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Bedtime to breakfast and beyond

What started as a program to improve the sleep of people with dementia at one Life Care site has led to a fundamental shift in how the South Australian aged care provider implements and embeds person-centred care for all residents with dementia, not just at night but 24 hours a day. Deborah Muldoon explains

Good sleep is vital for well-being, and the need for restorative sleep does not lessen with age. Older people need about the same amount of sleep as younger adults (7.5 to 8 hours each night). However, our sleep patterns change as we age – older people take longer to fall asleep and are more easily awakened. Depending on the individual, they may need to remain in bed for longer to achieve the required amount of hours.

Sleep quality can be affected by many things: noise and light disturbances, napping during the day, inadequate pain management, and evening activity or diet (for example, a meal may cause reflux, indigestion, cramps or nausea, especially if eaten late in the evening). When a person is not getting enough sleep, their enjoyment of daytime activities can decrease.

Our review and trial

In 2012 Life Care developed and trialled the Bedtime to Breakfast program in response to an increase in overnight bell calls from unsettled residents with dementia at its Aldinga Beach Court care home. A review of bell call frequency identified an average of 240 calls overnight in the 24-bed unit. During the day these residents were also exhibiting fatigue, anger, intolerance, lack of appetite and poor participation in regular activities.

Bedtime to Breakfast began with an investigation into the sleep habits of residents with dementia, led by a team of nine Life Care staff including management, nursing, care and lifestyle staff, and consultation with pharmacy suppliers. They assessed the major factors contributing to sleep disturbances in order to make recommendations and improve care for the residents. The program went beyond overnight care to also address residents’ daytime activity to ensure a holistic approach to encouraging natural sleep.

Originally published in the Australian Journal of Dementia Care print edition,
Vol 7 No 1, Feb/Mar 2018

Download the PDF version of this article

The daytime environment plays a major role in positive sleep experiences when there are opportunities to reduce boredom and encourage social activity. Life Care residents, including Clarice, Dolores and John, are able to remain engaged in meaningful activities throughout the day. Photos: courtesy Life Care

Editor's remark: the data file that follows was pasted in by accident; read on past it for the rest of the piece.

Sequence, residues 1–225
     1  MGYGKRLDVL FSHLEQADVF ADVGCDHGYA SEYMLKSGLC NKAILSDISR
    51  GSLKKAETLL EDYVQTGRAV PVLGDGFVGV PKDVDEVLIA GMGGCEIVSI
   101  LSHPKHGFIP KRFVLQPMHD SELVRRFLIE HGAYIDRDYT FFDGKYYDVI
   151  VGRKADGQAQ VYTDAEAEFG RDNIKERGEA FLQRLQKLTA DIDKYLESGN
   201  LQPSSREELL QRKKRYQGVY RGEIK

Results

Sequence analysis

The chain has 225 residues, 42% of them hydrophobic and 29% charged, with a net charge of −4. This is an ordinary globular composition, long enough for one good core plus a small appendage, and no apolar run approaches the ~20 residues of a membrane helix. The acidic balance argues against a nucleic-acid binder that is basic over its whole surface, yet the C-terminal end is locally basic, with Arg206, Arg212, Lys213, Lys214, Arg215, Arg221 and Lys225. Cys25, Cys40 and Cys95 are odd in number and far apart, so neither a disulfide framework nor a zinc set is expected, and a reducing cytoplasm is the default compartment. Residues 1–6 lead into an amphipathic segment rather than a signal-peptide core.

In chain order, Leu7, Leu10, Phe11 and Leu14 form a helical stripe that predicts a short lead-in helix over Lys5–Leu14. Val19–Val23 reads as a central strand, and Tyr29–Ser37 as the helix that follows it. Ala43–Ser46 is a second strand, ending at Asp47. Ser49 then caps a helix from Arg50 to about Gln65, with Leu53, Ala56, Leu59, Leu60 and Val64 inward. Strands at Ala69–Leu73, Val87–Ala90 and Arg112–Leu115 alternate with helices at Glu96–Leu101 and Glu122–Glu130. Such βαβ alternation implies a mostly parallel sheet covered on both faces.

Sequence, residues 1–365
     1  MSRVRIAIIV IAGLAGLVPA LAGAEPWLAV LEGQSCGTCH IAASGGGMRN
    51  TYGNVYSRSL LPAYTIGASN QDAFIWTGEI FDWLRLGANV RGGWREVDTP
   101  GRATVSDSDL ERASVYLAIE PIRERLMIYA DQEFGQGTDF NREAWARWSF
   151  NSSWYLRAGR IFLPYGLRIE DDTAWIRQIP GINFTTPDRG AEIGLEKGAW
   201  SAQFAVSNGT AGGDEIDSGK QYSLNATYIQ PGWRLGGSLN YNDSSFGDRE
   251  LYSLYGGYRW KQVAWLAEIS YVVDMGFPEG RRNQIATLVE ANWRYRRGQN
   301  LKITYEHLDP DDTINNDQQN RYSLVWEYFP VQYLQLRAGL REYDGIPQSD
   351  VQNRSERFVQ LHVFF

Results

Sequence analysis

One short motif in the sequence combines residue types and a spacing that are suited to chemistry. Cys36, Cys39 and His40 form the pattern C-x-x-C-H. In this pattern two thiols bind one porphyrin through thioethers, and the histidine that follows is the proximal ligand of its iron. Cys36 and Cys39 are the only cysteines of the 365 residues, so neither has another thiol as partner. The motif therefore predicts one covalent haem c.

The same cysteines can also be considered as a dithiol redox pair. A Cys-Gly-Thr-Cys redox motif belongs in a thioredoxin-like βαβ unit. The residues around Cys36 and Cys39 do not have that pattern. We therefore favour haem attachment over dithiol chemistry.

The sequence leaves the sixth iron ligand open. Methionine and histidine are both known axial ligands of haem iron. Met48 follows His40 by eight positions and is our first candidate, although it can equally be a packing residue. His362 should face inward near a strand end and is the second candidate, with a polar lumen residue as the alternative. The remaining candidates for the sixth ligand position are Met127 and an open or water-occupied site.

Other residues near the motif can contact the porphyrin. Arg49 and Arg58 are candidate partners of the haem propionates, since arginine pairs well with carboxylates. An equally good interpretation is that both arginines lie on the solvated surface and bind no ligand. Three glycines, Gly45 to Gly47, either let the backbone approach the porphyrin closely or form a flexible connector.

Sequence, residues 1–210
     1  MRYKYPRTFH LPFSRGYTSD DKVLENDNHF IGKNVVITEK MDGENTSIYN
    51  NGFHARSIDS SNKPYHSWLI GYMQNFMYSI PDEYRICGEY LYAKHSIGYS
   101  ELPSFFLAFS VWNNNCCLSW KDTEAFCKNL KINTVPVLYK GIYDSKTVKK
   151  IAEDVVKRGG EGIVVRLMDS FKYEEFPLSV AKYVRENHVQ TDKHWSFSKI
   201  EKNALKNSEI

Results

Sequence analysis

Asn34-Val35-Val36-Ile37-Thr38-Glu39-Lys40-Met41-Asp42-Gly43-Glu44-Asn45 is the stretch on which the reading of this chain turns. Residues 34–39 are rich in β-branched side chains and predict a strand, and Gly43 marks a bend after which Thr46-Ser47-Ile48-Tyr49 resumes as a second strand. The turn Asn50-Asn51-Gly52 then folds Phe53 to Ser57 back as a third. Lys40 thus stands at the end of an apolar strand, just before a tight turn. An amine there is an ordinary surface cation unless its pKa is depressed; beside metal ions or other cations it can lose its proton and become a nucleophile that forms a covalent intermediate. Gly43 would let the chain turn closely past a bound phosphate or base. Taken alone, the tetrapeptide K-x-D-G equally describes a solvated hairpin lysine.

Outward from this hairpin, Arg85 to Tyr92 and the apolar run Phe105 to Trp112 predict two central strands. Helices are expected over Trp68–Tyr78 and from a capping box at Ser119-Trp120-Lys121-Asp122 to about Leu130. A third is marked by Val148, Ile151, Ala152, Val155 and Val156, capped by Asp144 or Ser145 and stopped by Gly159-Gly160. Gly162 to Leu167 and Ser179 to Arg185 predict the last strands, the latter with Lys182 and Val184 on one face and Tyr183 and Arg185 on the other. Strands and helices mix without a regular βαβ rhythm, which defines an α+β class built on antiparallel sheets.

Number of call bell activations at Life Care’s Aldinga Beach Court 2012-2017

The 12-month trial at Aldinga Beach Court was successful in reducing overnight bell calls – from 240 calls in July 2012 to 98 calls in July 2013 – and improving residents’ participation in daytime activities. Bedtime to Breakfast has since been rolled out across Life Care’s five residential sites, for all residents, and our cottage-based respite service, with similar positive results (see graph).

The Bedtime to Breakfast program also became the catalyst for many major changes now in place across Life Care’s five residential sites, including more staff training and support, new routines and activities for residents, increased volunteer engagement in supporting the program, major changes to the care home environment (see key changes box), and a Dementia Excellence training program for all staff and volunteers (see Dementia Excellence box).

It has also strengthened the staff’s understanding of the benefits of enhanced natural sleep – for residents and staff – and of the importance of focusing on the whole person rather than just task management.

In short, the program has led to fundamental changes in thinking and practice about how we implement and embed a truly person-centred focus for people with dementia, not just at night, but 24 hours a day.

Achieving natural sleep

During the trial our project team started by exploring the current practices for evening and night staff to identify which activities or environmental factors were interfering with the residents’ levels of natural sleep.
After observation audits and staff surveys (on perceived causes of sleep disturbance and reasons for checking on residents), we identified seven major factors contributing to sleep disturbances:

  • call bells sounding
  • bright lights
  • noise made by staff and residents
  • the sound of lifts
  • noisy trolleys
  • toilet doors closing with a bang
  • loud automatic toilet air fresheners.

After reviewing the information collected from residents and staff and conducting a literature review of evidence-based research, we developed a four-point Enhancement of Natural Sleep policy and associated guidelines that are now used at all Life Care sites. The policy requires staff to:

  • identify the usual sleep patterns of each resident
  • consider the night-time environment
  • create environments for those who do not have ‘usual’ sleep patterns
  • ensure daytime environments that enhance natural sleep.

These documents have been added to Life Care’s policy and procedure manuals, available on the organisation’s intranet. Staff at each of the facilities also complete related education sessions.

Bedtime to Breakfast: key changes to night-time practices

  • Call bells changed to vibrate.
  • Ring tone volume turned down on phones.
  • Staff phones and pagers are on vibrate or silent at all times overnight.
  • Lights dimmed.
  • All other light and noise disturbances reduced.
  • Rooms arranged so that the resident can easily see and access the commode, toilet and their drink overnight.
  • Temperature control checked before sleep.
  • Where possible, staff avoid waking people to administer medication. Following a medication regime review, and working with GPs, we reduced the number of regular medications given between 11pm and 6.30am by 70%.
  • A continence management review found night pads were being applied too early and therefore leaking during the night. Pads are now applied at more appropriate times, generally later.
  • After reviewing the times for clinical interventions (such as checking blood glucose levels), where possible these are now done when the resident wakes, not at 6am.
  • Adjusting timing of pain management (before a person experiences pain and where possible, before they go to sleep, rather than waking them to give medication).